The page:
The Psychotronic Film Society and Graveface Records are combining their curatorial powers to fill the Lucas Theatre on Sept. 29 with buckets of blood, severed limbs and abundant screaming when they host the annual Fright Fest.

The 13-hour horror movie marathon will screen some delightfully disgusting flicks that deserve to be re-appreciated on the big screen. Don’t expect big-budget classics like “The Shining” or “The Exorcist.”

If you have ever visited Graveface Records in the Starland District, you might have an inclination of where their tastes lie. “It’s mostly ’80s, schlocky, not necessarily violent or gruesome, but fun. So that’s sort of the curatorial view for Fright Fest, as well,” says Ryan Graveface, owner of Graveface Records. “So much so that I think it would be really cool for younger people to come to it ... Nothing that we’re showing is vile or pushing that horrible edge of horror.”


Jim Reed, founder of the Psychotronic Film Society, would agree with that assessment. “The Fright Fest is open to all nice and mature folks ages 14 and older,” says Reed. “Some of these films are rated R, but we're not gonna make you drag your parents, unless they want to come anyway.”

Reed and Graveface have been separately hosting horror film fests around Savannah for years, but found that they share a mutual interest in exposing film-goers to the outer edges of cinema.

“I can only speak for myself, but I cannot help but feel that that strong desire to introduce friends and strangers to something you personally think is worthwhile or perhaps underappreciated is likely the main motivator behind both of our endeavors,” Reed says.

It is a feeling that traces all the way back to Graveface’s childhood, discovering VHS tapes with lurid covers in the video store. “I loved being 13 years old and being able to tell everyone about ‘Slime City’ or ‘Killing Spree’ or ‘Spookies,’ and then I’d have everyone over for a sleepover and we’d watch them,” says Graveface.


The marathon will kick off at 11 a.m. with the 1964 Herschell Gordon Lewis splat-fest “2000 Maniacs.” The film was shot in Florida, but takes place in a fictional town in Georgia where a small group of Northern tourists are terrorized and murdered by the local “rednecks.” “It very clearly over the top,” says Graveface. “Goofy gore. So much blood that it’s just funny.”

To tie into the screening, Graveface’s horror soundtrack record label Terror-Vision will be selling vinyl editions of the “2000 Maniacs” soundtrack.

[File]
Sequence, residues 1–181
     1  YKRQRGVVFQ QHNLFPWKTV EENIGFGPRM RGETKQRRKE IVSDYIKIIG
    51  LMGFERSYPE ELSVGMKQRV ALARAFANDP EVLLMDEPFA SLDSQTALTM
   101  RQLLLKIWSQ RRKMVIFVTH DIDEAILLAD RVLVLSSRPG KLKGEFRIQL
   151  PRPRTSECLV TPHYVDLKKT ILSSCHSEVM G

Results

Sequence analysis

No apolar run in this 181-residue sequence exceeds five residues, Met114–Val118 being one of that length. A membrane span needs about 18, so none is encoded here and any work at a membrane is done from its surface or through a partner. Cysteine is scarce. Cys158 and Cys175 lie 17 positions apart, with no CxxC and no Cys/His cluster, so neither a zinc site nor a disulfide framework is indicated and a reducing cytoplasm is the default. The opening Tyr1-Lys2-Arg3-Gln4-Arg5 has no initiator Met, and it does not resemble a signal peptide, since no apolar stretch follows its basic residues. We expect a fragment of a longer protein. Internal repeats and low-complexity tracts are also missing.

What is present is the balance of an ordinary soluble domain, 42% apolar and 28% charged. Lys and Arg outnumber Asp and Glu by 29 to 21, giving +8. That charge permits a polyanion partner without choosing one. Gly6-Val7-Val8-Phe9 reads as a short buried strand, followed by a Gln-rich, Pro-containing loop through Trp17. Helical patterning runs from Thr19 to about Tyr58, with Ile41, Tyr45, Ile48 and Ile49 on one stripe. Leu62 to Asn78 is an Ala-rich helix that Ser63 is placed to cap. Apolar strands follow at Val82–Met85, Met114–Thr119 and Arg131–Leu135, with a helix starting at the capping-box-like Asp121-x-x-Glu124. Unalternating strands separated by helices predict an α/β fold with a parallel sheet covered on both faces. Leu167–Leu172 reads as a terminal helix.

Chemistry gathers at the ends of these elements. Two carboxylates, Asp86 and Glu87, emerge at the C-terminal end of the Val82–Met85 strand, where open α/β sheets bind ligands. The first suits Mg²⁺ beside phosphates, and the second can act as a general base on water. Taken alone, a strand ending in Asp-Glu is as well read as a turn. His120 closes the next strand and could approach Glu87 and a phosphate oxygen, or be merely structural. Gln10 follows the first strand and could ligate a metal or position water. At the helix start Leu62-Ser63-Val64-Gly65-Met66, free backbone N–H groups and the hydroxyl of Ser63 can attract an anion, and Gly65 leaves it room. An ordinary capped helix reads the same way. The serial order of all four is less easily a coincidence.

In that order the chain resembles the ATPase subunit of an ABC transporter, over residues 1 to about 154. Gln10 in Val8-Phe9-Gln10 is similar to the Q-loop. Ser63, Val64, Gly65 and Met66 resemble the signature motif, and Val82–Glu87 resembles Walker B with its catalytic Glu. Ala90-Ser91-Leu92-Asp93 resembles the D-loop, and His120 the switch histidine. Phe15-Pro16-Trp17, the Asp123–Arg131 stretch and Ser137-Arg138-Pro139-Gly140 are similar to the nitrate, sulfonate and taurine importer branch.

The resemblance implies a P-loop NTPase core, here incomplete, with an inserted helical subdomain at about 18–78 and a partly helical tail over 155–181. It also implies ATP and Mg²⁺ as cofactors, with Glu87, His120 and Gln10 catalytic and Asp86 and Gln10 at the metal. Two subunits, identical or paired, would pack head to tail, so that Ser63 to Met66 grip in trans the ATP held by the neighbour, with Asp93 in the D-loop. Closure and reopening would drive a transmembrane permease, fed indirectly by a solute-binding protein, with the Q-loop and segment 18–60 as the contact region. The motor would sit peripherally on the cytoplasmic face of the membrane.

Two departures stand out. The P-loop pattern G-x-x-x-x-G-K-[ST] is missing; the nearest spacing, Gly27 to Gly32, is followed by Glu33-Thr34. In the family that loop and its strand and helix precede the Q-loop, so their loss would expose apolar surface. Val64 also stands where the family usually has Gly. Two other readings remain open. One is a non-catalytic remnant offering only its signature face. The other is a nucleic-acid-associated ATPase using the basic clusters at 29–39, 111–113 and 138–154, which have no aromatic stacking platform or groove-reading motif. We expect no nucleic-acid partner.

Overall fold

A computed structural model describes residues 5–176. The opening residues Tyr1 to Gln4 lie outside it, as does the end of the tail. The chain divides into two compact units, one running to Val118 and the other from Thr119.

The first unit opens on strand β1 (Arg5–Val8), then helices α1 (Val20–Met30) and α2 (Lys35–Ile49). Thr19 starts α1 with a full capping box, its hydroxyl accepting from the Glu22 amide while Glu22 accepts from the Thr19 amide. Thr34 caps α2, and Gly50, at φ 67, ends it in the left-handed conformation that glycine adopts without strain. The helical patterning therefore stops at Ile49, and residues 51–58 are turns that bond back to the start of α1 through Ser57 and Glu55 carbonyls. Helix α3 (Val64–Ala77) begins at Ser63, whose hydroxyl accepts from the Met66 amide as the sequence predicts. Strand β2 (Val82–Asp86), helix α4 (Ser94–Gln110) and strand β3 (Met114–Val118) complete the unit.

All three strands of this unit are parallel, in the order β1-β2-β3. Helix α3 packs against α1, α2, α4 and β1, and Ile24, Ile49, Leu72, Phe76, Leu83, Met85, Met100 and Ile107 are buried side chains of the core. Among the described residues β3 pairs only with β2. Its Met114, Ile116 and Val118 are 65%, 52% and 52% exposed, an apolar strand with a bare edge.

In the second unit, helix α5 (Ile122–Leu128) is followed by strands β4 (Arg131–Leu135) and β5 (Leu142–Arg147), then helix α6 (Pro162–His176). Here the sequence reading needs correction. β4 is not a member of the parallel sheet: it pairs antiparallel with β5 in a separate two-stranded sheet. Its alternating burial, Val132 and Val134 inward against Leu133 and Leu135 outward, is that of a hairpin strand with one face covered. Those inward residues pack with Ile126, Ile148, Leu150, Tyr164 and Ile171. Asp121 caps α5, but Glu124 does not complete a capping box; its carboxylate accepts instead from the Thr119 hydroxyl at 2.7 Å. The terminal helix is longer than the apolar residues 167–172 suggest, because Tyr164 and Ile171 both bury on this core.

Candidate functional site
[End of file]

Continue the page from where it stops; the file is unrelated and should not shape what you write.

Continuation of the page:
The next film will be a Stephen King adaptation — the curators are keeping that one a secret until the actual screening — followed by the 1981 slasher film “The Funhouse,” directed by Tobe Hooper of “The Texas Chainsaw Massacre” and “Poltergeist” fame.

The fifth screening, 1990’s “Leatherface: The Texas Chainsaw Massacre III,” will feature a special guest appearance by the film’s director, Jeff Burr, with a live question and answer session.


Capping off the fest is the fully restored version of Fred Dekker’s 1986 cult classic horror comedy “Night of the Creeps” which includes the director’s original ending that had been removed from its theatrical release. “(It’s) a wonderfully campy homage to old 1950s and 1960s teen exploitation pictures, mixed with a decidedly 1980s sensibility,” says Reed.

During the event, there will be raffles for cool collectibles, merchandise, and gift certificates to local businesses. “We'll also have a Vendors Section open all day long in the Lucas' second-floor lobby where a handful of shops from around the Southeast are bringing all kinds of cool merchandise and horror-themed collectibles to sell,” Reed says. “There will be plenty of Psychotronic and Graveface items for sale, as well, including some things made just for this event.”

And as if there wasn’t enough going on already, there will be a special appearance by Graveface Records’ artist The Marshmallow Ghosts.


Advance all-day passes are $20, but a limited special VIP package is available for $50 and can only be purchased at Graveface Records or from The package includes a limited-edition custom-printed tote bag filled with an exclusive Fright Fest T-shirt, a souvenir 18x24-inch silkscreen poster, set of three pinback buttons, a rare horror film on DVD from the Psychotronic Film archives, a free pass to any PFS screening at The Sentient Bean, one bag of popcorn and a complimentary all-day pass to the Fright Fest itself. That is a $100 value for $50 and the packages are moving fast.

Even if you miss out on the coveted VIP package, Fright Fest is a can’t-miss event for movie lovers.

“There's nothing quite like the feeling of hundreds of people sitting alongside each other in rows, being collectively manipulated through fear and intimidation,” Reed jokes. “You know, like in church!”